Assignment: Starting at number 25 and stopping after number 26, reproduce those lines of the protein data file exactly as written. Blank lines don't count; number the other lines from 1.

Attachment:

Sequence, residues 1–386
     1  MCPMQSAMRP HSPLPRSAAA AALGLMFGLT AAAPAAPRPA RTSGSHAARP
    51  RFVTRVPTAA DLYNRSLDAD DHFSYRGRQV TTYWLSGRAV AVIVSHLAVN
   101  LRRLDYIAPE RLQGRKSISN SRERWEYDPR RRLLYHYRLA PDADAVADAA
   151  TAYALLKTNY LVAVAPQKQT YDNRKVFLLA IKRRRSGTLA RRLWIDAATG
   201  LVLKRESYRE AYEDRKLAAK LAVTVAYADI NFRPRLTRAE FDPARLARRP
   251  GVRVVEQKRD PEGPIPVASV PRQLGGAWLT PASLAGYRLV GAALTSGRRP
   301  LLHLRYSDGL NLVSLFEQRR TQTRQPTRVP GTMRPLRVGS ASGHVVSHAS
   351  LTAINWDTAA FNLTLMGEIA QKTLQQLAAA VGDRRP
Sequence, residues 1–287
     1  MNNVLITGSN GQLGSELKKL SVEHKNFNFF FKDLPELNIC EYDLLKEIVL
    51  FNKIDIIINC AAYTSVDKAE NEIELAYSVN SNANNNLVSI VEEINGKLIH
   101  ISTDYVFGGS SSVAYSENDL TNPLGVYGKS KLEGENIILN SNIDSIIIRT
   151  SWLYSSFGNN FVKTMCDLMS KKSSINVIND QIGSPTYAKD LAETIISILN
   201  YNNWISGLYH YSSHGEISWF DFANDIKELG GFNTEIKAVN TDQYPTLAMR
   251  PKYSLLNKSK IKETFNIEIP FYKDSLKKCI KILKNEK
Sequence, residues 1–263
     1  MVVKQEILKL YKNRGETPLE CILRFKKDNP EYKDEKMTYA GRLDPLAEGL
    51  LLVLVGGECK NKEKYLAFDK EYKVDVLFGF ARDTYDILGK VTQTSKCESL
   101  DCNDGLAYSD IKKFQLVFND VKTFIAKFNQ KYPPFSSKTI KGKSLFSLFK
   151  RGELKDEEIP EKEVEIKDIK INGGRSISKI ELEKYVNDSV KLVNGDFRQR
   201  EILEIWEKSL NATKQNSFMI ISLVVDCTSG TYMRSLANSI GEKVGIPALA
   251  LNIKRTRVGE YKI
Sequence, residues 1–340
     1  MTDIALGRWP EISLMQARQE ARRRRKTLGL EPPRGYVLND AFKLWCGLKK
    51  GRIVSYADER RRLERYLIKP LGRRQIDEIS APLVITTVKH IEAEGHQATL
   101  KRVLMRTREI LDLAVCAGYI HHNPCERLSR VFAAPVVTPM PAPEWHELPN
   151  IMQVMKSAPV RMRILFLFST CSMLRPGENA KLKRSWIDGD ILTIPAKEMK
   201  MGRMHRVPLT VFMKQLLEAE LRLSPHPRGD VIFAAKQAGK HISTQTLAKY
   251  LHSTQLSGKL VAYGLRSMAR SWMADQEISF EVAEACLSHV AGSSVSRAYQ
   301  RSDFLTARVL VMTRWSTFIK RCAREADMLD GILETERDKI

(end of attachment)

     1  MTDIALGRWP EISLMQARQE ARRRRKTLGL EPPRGYVLND AFKLWCGLKK
    51  GRIVSYADER RRLERYLIKP LGRRQIDEIS APLVITTVKH IEAEGHQATL